A NEW president will be taking over the helm of the Melplash Agricultural Society this year.

Retired farmer Tim Frost succeeds Richard King, who stood down at the society’s AGM after his year in office.

Mr Frost and his family have been involved with the society since the family moved to Childhay Manor Farm, Blackdown, Beaminster in 1941.

His late brother, Tony, was chairman in 1986, became president in 2003 and was the commentator of the grand parade at the show for more than 12 years.

Mr Frost’s children, Will and Lucy, are also involved in the society with Will being a society director, as well as being a chairman in 2016 and 2017, and Lucy is the current health and safety officer.

Mr Frost and his wife Monica took over the running of Childhay Manor in 1965 where they have milked cows and made the well-known Childhay ice cream.

His son has joined him in making dairy farming their business and they produce organic milk at Childhay Manor, as well as running a successful goat farm together with the team at Forde Abbey. Here they have 2,500 milking goats that are milked three times a day and produce almost 10 per cent of the country’s goat milk.

Mr Frost said: “I am extremely honoured to become president of the Melplash Agricultural Society after many years of family involvement.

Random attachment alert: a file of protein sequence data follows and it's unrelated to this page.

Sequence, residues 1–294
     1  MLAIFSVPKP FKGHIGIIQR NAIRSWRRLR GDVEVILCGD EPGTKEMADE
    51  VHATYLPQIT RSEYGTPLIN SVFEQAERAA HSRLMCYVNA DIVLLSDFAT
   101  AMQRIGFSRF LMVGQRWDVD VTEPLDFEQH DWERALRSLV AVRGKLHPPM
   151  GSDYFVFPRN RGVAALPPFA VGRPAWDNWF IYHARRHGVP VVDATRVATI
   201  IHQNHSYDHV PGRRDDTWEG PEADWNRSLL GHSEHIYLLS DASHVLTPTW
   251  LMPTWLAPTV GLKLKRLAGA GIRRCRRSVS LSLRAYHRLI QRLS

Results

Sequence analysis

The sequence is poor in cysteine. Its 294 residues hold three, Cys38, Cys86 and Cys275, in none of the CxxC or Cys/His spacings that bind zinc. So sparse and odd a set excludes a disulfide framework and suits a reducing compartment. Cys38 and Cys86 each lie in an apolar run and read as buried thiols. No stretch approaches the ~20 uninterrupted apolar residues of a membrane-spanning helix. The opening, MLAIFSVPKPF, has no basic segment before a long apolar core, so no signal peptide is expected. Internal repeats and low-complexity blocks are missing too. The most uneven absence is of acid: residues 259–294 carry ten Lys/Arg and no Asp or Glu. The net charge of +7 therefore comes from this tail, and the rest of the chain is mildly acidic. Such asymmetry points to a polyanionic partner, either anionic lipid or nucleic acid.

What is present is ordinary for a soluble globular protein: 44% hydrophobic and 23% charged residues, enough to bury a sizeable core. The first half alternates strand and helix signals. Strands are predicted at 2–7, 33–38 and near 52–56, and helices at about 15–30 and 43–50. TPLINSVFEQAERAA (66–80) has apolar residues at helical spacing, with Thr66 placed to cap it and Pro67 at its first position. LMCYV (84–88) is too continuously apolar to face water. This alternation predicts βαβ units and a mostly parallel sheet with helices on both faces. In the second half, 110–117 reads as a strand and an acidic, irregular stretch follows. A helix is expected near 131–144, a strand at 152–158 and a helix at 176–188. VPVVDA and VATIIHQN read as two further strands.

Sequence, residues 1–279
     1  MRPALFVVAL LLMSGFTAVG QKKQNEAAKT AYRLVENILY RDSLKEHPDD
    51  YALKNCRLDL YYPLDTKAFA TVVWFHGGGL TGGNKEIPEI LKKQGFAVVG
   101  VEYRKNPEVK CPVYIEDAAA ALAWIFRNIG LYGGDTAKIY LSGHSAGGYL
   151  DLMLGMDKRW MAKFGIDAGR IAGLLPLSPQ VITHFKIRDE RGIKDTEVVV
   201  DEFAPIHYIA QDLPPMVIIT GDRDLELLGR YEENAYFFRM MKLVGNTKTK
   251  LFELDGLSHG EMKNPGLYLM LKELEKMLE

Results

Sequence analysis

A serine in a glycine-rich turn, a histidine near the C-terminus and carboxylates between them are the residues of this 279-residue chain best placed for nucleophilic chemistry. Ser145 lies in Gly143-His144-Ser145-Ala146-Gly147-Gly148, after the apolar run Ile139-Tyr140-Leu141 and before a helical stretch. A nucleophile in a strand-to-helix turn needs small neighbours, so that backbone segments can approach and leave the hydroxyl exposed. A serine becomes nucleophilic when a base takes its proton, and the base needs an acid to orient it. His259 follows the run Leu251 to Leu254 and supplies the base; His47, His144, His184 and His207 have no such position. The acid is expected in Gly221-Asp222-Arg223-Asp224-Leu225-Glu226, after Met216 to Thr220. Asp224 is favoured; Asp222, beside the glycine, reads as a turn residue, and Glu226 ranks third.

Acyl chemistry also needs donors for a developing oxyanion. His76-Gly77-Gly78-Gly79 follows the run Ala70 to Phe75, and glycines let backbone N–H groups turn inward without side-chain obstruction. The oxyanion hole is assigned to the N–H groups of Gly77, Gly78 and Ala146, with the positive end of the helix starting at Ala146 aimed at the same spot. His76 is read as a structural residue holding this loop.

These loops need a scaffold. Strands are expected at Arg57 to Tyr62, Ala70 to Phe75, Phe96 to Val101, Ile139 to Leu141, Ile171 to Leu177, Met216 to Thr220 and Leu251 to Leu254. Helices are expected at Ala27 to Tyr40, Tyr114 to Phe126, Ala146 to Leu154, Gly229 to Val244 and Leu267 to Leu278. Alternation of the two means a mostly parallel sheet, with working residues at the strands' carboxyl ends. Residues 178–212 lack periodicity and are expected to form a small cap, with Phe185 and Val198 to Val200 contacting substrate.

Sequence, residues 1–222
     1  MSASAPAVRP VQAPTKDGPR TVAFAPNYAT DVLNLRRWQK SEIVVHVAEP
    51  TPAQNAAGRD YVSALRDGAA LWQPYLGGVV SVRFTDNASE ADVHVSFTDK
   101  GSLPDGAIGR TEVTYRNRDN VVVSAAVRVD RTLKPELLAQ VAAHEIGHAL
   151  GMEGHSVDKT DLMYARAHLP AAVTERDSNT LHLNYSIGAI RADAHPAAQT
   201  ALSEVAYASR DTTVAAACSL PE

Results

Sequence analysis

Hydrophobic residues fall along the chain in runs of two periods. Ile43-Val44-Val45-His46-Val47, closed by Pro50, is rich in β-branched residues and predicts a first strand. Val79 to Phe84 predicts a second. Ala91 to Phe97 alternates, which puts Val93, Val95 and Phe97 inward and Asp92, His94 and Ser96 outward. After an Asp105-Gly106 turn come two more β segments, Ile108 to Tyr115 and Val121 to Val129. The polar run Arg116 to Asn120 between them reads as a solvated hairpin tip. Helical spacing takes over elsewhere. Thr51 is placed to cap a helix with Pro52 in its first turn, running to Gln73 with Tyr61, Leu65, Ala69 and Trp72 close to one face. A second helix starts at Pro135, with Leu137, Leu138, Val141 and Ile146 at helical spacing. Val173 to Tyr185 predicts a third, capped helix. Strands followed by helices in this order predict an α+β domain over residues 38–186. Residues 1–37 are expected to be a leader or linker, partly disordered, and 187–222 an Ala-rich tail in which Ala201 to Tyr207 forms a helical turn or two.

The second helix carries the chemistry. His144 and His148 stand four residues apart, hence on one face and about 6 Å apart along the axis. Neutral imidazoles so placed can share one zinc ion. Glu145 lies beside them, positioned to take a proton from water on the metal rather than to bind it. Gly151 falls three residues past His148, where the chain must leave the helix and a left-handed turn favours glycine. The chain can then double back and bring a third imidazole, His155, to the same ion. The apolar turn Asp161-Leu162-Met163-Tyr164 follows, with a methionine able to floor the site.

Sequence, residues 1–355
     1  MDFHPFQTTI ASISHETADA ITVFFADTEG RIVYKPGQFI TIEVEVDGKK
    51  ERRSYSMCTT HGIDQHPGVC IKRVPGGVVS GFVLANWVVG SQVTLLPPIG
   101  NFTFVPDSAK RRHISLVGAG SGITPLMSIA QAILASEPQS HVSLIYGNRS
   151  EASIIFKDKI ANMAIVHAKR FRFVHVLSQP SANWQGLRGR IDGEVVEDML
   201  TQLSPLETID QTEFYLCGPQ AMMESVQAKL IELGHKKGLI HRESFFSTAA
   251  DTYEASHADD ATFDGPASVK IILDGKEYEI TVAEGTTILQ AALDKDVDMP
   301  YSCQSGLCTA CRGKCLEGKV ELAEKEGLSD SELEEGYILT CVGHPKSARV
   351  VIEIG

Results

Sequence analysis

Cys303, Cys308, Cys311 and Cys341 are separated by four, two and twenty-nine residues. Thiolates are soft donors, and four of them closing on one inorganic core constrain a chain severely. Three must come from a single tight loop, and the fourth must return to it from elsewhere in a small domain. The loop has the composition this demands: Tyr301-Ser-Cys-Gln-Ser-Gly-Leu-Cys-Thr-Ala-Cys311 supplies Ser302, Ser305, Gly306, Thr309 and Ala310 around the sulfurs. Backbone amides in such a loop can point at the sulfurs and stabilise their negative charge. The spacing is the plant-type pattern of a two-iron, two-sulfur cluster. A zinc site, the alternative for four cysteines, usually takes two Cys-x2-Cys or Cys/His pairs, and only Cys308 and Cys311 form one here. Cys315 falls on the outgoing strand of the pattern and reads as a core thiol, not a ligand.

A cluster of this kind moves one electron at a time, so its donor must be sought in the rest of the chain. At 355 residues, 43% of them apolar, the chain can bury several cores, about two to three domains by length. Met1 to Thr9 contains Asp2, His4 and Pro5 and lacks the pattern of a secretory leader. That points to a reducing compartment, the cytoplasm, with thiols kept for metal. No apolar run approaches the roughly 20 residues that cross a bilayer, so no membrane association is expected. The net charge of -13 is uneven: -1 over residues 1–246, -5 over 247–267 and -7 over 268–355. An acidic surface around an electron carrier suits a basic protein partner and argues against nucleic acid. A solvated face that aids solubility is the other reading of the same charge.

“The Melplash Show is a wonderful showcase of what west Dorset is all about. It continues to go from strength to strength thanks to the wonderful support and the commitment given by the committee, the section chairmen, the volunteers, the exhibitors and of course the general public who attend on the day.

“As well as the show, I am looking forward immensely to the other annual competitions that take place – gardens and allotments, rural craft, farms and flocks, young farmers dairy stock judging and of course the annual hedge laying and ploughing match. All play an essential role in the success of the society.

“The future of farming relies on the younger generation coming through and it is pleasing to see the interest that is shown in the society’s Discover Farming programme. Not only does it help to educate young people about where their food comes from but gives a greater understanding of the excellent career opportunities available in farming today.

“I look forward to taking part in all these activities.”